Hemanta Kumar Sarkar
(1897 – 1952) – (West Bengal)
Hemanta Kumar Sarkar (Aged 55) was born on 1897 in Baganchra, a village near Shantipur in the Nadia district of West Bengal, India. He was the fifth son among the six sons of Madan Mohan Sarkar and Kadambari Devi. During his childhood, he attended Krishnagar Collegiate School. In 1912, Sarkar was introduced to Subhas Chandra Bose by Beni Madhab Das, who had come to the school as the new headmaster from Ravenshaw Collegiate School in Cuttack. This meeting resulted in a lifelong friendship between Sarkar and Bose.
Sarkar and Bose ran away from home in search of a spiritual guru and travelled to Ayodhya, Haridwar, Mathura, Vrindavan, and Varanasi. In Vrindavan, Baba Ramakrishnadas advised them to stop searching for a guru because they were argumentative and spiritual life was not suitable for them. They returned home after three months.
In 1919, Ashutosh Mukherjee, then President of the Graduate Council of the University of Calcutta, appointed Sarkar as a lecturer in Comparative Philology. That same year, he was also awarded a Government of India Scholarship to study in England for three years.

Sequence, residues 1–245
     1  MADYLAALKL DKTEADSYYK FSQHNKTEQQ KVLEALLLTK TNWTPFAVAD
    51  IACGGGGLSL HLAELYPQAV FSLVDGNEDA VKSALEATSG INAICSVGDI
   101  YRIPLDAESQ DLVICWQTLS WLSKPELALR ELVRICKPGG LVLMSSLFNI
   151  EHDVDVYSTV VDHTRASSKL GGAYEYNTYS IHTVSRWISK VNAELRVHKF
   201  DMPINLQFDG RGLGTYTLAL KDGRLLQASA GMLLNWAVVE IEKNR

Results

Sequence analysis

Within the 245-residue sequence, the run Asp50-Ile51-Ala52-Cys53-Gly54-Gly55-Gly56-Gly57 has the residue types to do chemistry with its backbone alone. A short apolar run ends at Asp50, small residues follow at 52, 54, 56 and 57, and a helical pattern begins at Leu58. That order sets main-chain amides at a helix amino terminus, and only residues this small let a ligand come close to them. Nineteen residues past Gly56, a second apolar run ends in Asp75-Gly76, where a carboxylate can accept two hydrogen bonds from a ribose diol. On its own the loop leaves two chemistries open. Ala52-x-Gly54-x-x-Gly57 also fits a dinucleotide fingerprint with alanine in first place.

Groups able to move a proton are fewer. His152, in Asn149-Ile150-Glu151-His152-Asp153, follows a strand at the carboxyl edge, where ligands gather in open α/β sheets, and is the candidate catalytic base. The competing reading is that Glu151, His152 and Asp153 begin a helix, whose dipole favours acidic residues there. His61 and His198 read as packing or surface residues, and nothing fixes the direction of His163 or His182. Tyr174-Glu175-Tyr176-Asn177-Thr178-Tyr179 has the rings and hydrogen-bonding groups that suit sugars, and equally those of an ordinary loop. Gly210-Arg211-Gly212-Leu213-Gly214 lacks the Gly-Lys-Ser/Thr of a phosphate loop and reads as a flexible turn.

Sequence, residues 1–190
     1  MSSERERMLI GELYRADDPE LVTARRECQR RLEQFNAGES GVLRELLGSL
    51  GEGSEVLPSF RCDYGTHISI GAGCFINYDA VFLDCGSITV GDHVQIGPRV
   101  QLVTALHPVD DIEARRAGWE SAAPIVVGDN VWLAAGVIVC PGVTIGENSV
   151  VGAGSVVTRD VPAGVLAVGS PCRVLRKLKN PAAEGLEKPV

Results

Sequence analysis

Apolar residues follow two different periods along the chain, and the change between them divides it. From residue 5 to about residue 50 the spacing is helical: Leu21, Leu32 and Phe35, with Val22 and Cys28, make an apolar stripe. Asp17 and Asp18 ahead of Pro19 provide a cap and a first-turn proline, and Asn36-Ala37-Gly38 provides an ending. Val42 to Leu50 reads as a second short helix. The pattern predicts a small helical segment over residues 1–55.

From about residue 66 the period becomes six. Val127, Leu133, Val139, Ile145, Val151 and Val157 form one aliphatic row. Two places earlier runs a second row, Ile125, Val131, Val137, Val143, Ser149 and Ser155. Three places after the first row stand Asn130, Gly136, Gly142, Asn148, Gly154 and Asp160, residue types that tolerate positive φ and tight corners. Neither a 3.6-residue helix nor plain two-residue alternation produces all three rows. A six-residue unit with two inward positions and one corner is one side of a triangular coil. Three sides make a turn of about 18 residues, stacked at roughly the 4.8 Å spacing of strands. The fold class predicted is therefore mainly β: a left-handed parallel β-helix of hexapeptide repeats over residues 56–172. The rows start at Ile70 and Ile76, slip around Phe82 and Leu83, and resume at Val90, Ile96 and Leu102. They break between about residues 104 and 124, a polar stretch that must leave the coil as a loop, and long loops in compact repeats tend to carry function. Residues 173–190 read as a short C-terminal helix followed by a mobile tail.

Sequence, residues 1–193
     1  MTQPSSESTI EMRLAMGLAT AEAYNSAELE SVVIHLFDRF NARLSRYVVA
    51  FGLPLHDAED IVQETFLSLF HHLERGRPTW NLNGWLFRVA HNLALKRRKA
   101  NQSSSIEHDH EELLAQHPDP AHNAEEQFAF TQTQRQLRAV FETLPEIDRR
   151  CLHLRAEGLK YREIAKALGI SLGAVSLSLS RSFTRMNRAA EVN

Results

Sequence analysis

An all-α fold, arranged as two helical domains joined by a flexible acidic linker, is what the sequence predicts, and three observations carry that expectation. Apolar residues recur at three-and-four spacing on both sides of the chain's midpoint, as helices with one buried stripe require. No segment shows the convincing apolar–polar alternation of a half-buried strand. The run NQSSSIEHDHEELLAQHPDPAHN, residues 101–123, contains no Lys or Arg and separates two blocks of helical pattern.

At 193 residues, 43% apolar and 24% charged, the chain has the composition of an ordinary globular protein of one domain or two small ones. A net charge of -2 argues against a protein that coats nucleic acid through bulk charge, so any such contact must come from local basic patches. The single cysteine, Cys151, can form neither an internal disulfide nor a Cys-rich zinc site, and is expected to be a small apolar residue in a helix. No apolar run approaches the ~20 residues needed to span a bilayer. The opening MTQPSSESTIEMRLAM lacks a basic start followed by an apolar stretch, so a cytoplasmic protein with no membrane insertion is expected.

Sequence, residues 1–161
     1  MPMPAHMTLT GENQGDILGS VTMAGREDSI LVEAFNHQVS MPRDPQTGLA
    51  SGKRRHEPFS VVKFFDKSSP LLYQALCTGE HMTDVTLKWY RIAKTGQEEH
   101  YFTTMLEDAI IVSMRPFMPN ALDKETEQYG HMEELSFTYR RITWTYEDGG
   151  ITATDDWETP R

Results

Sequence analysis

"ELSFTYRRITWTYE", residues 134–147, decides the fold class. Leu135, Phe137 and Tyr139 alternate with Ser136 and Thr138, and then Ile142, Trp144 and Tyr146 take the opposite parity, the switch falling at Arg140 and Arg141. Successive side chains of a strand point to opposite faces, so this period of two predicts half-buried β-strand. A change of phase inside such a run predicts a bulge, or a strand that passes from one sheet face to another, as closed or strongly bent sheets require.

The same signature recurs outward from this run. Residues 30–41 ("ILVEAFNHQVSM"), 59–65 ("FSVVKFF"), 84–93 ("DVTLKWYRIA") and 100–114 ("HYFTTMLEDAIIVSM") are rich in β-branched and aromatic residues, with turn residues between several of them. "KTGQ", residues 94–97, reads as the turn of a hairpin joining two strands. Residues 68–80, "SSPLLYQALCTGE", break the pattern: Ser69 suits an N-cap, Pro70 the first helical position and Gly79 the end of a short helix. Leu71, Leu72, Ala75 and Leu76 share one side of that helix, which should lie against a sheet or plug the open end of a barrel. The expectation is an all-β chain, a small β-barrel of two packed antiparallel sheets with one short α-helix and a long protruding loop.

Subhas Chandra Bose, who had already arrived in England a few months earlier, arranged for Sarkar’s admission and lodging at his own college, Fitzwilliam Hall at the University of Cambridge, so they could be together again. However, at the call of Chittranjan Das, Sarkar declined the scholarship to study in England and gave up his lectureship at the University of Calcutta to join the freedom movement. It was a decision he later regretted.
In 1920, Sarkar began his political career as the private secretary of Das, during which time he stayed at the Das family residence. He attended the 1920 Congress session at Nagpur, the 1921 Congress session at Ahmedabad, and the 1922 Congress session at Gaya as a delegate. In 1921, he played a vital role in organizing strikes at the Raniganj Paper Mills and the Bengal Nagpur Railway. He also organized the Press Employees Association strike, one of the largest and longest strikes in British India, where around 10,000 employees went on strike for two and a half months. He passed away on November 3, 1952, in Krishnanagar, West Bengal, India.